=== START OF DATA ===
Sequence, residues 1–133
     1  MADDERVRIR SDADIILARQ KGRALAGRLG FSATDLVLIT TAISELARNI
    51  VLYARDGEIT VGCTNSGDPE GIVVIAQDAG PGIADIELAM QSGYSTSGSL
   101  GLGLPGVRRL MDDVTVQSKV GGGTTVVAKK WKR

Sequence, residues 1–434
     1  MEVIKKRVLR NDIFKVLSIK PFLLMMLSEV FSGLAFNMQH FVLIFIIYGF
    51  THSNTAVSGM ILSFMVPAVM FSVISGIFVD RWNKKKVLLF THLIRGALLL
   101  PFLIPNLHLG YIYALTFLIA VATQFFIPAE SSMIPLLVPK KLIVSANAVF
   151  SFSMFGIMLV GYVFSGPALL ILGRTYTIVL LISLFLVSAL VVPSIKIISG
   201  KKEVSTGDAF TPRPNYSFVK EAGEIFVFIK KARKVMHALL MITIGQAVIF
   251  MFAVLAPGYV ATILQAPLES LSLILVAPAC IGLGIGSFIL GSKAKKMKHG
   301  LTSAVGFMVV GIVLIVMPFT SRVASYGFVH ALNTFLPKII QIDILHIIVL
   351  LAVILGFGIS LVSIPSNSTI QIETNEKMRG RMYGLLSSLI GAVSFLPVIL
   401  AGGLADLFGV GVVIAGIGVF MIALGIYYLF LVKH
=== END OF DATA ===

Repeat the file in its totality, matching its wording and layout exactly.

Sequence, residues 1–133
     1  MADDERVRIR SDADIILARQ KGRALAGRLG FSATDLVLIT TAISELARNI
    51  VLYARDGEIT VGCTNSGDPE GIVVIAQDAG PGIADIELAM QSGYSTSGSL
   101  GLGLPGVRRL MDDVTVQSKV GGGTTVVAKK WKR

Sequence, residues 1–434
     1  MEVIKKRVLR NDIFKVLSIK PFLLMMLSEV FSGLAFNMQH FVLIFIIYGF
    51  THSNTAVSGM ILSFMVPAVM FSVISGIFVD RWNKKKVLLF THLIRGALLL
   101  PFLIPNLHLG YIYALTFLIA VATQFFIPAE SSMIPLLVPK KLIVSANAVF
   151  SFSMFGIMLV GYVFSGPALL ILGRTYTIVL LISLFLVSAL VVPSIKIISG
   201  KKEVSTGDAF TPRPNYSFVK EAGEIFVFIK KARKVMHALL MITIGQAVIF
   251  MFAVLAPGYV ATILQAPLES LSLILVAPAC IGLGIGSFIL GSKAKKMKHG
   301  LTSAVGFMVV GIVLIVMPFT SRVASYGFVH ALNTFLPKII QIDILHIIVL
   351  LAVILGFGIS LVSIPSNSTI QIETNEKMRG RMYGLLSSLI GAVSFLPVIL
   401  AGGLADLFGV GVVIAGIGVF MIALGIYYLF LVKH